me, where it’s at, like, 13 minutes, and then
I’m like, “OK, great.” Put down the phone, pick
it up, and it’s like: “Two minutes. It’s here. Come down. Where are you?
We need you right now.” Frank: But, like, if
you live in Manhattan, you can, like, hail a cab
in the street or whatever. But if you lived in Brooklyn,
you couldn’t do that. Having to call a taxi company and, like, request a car to where you
are is, like, infuriating. Torres: They meet you where
they need to meet you. They know exactly where they’re going. They don’t have to ask you for directions, which is also really nice. I have definitely stayed
out late more, too. Especially ’cause, you know,
when you pull up the Uber app, you can see what car you’re gonna be in, you can get information about
the driver and all of that, which you couldn’t get with a taxi. Frank: I did try to look up an
Uber last night in the rain, and it was $81.75. And I’ve never seen it cost that much. It cost less to go to the airport. Carlson: Every once in
a while, you’ll, like, get in a car and the person talking to you will just be very charismatic and you’re so glad you
got in the car with them. Most times, they begin talking to you, and you’re like, “Let’s not do this.” Frank: I have been in a ride-share where someone’s been like: “Hey, where you going? How’s your day? What are you reading?” And it’s like, dude, obviously I, like, do not want to be your friend. Stuart: [sighs] Twitter. I think we all know what
Twitter has done to the world. Manny Ocbazghi: So, I use
Twitter for a bunch of, in a bunch of different ways. One is comedy. Like, I like
to crack jokes on there. This commercial that I made fun of on Twitter, that tweet went viral, and then Seth Rogen followed me
afterwards, which is pretty cool. Burke: I think Twitter
has kind of abridged how we communicate with one another. People expect to get their entire article in 150, or 60, whatever it is, characters. Or I think it went up now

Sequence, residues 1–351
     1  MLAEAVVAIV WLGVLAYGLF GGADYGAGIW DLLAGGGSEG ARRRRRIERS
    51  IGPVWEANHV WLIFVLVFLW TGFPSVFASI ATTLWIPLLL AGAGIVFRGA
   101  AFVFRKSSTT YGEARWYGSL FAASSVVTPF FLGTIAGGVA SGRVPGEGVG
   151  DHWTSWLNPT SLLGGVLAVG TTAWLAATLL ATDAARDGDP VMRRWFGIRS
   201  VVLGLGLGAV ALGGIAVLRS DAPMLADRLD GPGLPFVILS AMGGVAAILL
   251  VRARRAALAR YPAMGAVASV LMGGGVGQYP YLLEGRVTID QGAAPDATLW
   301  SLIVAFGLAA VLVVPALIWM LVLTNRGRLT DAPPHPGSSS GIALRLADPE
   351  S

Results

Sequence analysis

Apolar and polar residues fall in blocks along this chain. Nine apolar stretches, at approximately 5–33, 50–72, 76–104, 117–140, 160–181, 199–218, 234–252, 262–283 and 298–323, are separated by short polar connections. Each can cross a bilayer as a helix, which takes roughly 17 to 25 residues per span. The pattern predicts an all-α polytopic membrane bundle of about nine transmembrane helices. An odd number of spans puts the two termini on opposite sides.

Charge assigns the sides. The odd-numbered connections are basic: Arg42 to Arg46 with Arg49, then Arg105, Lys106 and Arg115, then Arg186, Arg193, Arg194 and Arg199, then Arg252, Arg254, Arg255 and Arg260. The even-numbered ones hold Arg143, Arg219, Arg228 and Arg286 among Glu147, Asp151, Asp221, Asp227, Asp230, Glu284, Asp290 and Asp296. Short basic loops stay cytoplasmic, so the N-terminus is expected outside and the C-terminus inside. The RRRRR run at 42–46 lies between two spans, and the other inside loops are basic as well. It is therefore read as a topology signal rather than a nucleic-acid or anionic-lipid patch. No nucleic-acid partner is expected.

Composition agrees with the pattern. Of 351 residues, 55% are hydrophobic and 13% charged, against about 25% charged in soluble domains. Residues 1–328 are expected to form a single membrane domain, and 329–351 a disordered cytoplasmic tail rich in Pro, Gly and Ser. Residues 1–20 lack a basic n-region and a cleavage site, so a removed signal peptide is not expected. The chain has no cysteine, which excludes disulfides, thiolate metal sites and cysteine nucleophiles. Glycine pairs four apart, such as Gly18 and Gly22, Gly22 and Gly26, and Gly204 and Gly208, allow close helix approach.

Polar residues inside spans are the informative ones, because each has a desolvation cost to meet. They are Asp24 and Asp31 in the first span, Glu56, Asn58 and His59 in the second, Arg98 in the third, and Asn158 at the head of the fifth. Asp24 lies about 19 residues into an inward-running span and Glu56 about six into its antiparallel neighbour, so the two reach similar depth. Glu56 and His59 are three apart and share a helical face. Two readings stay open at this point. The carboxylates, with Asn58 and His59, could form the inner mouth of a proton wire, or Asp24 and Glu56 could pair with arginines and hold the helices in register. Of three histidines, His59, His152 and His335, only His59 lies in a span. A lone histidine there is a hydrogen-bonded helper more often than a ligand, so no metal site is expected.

to, what, 280 or whatever. Ocbazghi: It’s also really
easy to call politicians out. And they will literally
change their actions based on a bad tweet. So Twitter has a lot of power in that way. Stuart: Twitter is dominated
a lot, I think, by journalists and the tech community and politicians. And there’s just a lot
of fighting on there. It’s not a fun place. Ocbazghi: It’s kind of like asking, “Is the world good or bad?” You know? So, Twitter just houses
so many people who are, who can be good and who can be bad. You feel a certain way about a bill or a celebrity doing something. Or, for example, that
Sonic movie, if you just really hate how something was designed and you tweet about it or engage with people about it, you can really get something done. Aylin Woodward: Twitch is
an online platform in which users can stream any
type of video content. So, whether that’s the livestream of their
cross-country drive or them playing video games
for other people’s enjoyment or a livestream of,
like, a sporting event. Stuart: Who knew that
people wanted to watch other people playing video games? I would never have guessed that. Woodward: They have ways
of interacting and, like, displaying their emotions and their, like, heart-rate levels. So I think it’s sort of just a way of vicariously living
through someone else. And video games just seems
to be a good medium for that. William Antonelli: You know,
the question a lot of people ask is why would anyone
care about watching other people play video games? And so, my older sister,
she has two children. All they do is watch Twitch,
and they watch YouTube. And so she comes to me all the time and asks, you know, “Why is
anyone interested in this?” She’s a massive football fan. And so I ask, you know, “Why
do you watch the Steelers?” There’s a lot of fun in
playing a game for yourself. There’s also a tremendous amount of fun in watching someone else play
and seeing, how do they do it? What do they do differently from you? What do they do the same as you? For so many streamers, a
lot of it and, you know, the draw is their personality. Stuart: When I was a kid, I
wanted to play the video game. You ever go to a friend’s